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YEMEN: Two protesters shot in clashes

March 2, 2011 |  3:33 pm

Two anti-government protesters were shot and killed in southern Yemen on Wednesday after security forces fired tear gas at demonstrators, according to reports by the Associated Press quoting a hospital official in the town of Sadr.

The wire service cited witnesses who described how security forces fired tear gas to disperse the protesters, to which the protesters responded by setting three police vehicles on fire. It was unclear exactly how those who perished were killed.

Thirteen protesters were injured during clashes with government supporters and security forces in the Red Sea city of Hodeida, the AP reported.

The violence marked the latest round of upheaval in Yemen, which in recent weeks has seen massive demonstrations demanding an end to the 32-year presidency of Ali Abdullah Saleh.

Protesters are demanding an end to what they describe as widespread government corruption, and they are desperate for better job opportunities. Nearly a third of the workforce is out of a job, according to the English-language version of the Arab television network Al Jazeera. And more than 40% of Yemen's 23 million people live on less than $2 a day, the network reports.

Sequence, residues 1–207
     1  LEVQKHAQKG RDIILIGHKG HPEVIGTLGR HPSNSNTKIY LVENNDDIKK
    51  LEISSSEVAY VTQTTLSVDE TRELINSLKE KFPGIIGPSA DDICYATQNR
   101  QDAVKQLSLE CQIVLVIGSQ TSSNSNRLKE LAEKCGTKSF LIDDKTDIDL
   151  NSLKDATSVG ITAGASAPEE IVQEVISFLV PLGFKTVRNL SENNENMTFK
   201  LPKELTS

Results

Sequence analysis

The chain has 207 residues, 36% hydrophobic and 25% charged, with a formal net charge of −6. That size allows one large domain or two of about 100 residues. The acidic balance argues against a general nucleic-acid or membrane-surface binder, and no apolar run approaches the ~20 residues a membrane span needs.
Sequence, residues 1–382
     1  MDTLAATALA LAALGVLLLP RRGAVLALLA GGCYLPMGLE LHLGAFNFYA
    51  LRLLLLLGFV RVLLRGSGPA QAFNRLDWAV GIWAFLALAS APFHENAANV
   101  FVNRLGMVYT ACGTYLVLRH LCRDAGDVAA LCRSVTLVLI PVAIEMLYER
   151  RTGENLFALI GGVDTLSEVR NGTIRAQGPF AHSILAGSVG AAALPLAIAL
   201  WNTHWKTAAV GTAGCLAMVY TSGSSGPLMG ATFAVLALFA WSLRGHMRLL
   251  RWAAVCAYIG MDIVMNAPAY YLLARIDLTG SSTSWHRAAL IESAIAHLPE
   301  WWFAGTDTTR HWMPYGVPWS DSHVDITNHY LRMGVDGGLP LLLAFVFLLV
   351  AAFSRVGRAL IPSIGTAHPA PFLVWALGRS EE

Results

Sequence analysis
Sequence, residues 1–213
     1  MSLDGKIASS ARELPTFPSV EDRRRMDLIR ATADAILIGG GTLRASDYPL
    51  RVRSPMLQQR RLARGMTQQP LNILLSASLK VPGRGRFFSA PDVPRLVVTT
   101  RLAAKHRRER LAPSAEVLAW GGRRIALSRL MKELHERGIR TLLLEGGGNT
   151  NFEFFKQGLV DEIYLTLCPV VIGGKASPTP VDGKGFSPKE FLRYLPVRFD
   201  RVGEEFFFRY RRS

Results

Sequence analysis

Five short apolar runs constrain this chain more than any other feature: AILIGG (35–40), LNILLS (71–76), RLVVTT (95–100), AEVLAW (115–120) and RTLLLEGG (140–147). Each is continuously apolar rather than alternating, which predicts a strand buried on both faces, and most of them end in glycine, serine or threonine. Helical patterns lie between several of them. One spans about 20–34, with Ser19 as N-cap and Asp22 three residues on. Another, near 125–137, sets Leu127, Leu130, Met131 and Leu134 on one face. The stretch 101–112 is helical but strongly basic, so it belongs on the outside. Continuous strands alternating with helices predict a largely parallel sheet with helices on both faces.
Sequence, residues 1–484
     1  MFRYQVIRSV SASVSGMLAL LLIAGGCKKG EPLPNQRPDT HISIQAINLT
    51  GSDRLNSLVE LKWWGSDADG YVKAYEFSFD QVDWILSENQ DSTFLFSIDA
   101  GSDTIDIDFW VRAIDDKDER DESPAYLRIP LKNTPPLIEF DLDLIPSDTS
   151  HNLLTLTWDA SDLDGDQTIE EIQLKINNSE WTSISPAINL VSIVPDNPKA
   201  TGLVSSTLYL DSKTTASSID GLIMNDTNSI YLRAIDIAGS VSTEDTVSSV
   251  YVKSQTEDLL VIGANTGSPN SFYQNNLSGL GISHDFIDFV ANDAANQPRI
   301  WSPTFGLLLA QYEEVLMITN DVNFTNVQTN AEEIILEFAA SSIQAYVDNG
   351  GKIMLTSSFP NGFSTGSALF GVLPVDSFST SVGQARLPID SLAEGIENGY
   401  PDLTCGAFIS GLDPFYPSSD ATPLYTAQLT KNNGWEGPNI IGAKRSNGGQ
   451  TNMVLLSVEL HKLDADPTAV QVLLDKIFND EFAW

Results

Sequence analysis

An Al Jazeera correspondent reporting from Yemen's capital, Sana, said the opposition had presented Saleh with a roadmap for his departure, and they were "waiting for an answer."

"They have decided to organize what they are calling a Friday of warning in case they don't get an answer," the correspondent said.

On Tuesday, Saleh, who has been an important U.S. ally in the fight against Al Qaeda, blamed the United States for destabilizing the Arab world, saying the upheaval rocking his capital was being run by the White House. He also laid blame on Israel for the unrest.

But on Wednesday, Saleh called U.S. homeland security advisor John Brennan to express his regret for any misunderstanding caused by his inflammatory comments, according to the AP. The Yemeni leader also reaffirmed his commitment to meaningful political reform, the wire service reported.

-- Ann M. Simmons